Resveratrol Analogue and Equol Revive Menopausal Skin

A decrease in estrogen during menopause negatively affects the skin, according to a study published in Dermatology and Therapy, but a novel resveratrol analogue and the isoflavonoid equol offer new hope.

Mature woman touching face

Decreases in 17β-estradiol levels due to menopause negatively impact dermal cellular and homeostatic mechanisms, among other biological functions, according to a recent study published in Dermatology and Therapy.

Such effects include the loss of collagen, elastin, fibroblast function, vascularity and increased matrix metalloproteinase activities. These, in turn result in skin dryness, wrinkles, atrophy, impaired wound healing, loss of barrier function and decreased antioxidant capacity.

In response, topical estrogen has been proposed but according to these authors, its effects are not well-established, driving the search for cosmeceutical agents that selectively act on estrogen receptors. Several plant-derived compounds, i.e., phytoestrogens, demonstrate this effect and are drawing interest for skin care.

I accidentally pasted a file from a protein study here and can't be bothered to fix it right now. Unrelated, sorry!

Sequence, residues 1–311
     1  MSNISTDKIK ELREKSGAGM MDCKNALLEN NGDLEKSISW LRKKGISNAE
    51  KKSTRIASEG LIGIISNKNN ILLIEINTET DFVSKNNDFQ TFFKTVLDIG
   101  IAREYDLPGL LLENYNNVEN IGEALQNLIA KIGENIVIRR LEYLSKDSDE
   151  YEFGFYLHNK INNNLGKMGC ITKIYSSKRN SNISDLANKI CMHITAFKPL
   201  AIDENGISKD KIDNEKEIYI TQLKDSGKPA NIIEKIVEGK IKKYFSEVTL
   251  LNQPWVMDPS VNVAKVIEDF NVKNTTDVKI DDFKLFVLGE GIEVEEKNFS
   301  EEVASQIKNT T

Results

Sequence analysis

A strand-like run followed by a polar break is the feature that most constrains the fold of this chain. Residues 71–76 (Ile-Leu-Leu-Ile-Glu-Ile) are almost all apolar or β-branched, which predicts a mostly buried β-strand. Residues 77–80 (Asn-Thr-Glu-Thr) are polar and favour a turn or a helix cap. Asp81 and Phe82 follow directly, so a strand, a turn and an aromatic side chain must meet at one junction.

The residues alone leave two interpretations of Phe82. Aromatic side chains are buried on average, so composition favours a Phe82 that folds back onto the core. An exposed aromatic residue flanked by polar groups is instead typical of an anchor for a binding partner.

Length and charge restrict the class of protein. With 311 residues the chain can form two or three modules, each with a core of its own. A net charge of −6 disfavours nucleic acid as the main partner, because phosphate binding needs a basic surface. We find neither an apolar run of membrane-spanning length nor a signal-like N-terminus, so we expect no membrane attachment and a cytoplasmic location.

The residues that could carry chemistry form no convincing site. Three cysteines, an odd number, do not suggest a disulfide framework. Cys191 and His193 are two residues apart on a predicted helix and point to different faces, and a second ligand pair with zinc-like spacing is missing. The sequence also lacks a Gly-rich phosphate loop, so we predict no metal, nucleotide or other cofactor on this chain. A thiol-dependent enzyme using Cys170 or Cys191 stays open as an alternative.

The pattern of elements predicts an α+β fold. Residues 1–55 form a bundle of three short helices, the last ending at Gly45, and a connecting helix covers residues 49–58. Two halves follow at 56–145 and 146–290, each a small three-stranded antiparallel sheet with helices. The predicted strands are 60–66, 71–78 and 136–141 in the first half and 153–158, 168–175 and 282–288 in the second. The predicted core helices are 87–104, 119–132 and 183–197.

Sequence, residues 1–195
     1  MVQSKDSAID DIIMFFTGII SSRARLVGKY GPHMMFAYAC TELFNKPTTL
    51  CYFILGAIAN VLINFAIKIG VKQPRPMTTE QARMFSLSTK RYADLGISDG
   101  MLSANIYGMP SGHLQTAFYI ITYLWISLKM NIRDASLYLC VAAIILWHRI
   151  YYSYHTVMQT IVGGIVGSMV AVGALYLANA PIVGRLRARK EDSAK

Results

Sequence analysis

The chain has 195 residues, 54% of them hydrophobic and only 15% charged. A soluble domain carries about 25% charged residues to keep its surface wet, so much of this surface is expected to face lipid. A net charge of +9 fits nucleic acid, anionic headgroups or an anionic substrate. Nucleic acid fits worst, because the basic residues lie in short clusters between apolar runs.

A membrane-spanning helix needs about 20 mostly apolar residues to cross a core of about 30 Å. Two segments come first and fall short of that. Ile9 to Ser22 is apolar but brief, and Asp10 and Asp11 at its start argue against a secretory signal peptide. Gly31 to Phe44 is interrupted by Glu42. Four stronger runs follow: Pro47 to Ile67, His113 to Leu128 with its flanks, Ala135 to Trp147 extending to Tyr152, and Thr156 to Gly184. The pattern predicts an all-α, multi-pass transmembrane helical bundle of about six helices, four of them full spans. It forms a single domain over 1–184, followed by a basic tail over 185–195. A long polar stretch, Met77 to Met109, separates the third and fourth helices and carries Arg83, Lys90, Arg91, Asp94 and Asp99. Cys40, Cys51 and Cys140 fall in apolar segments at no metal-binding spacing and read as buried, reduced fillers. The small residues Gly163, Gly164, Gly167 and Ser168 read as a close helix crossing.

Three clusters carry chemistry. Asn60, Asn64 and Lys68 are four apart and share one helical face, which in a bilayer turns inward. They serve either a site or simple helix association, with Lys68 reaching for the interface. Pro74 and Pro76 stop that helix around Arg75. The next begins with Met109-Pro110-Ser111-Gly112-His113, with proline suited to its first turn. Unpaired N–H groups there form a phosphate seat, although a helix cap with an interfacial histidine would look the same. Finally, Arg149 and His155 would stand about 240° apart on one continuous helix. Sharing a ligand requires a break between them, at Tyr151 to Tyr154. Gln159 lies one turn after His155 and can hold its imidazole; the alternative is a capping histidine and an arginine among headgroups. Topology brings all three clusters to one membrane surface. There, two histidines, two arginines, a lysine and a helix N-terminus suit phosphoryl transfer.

Two such ingredients were examined here: an analog of resveratrol (4′-acetoxy resveratrol) and the isoflavonoid equol. In vitro and clinical studies showed these materials can enhance dermal health, especially in estrogen-deficient skin.

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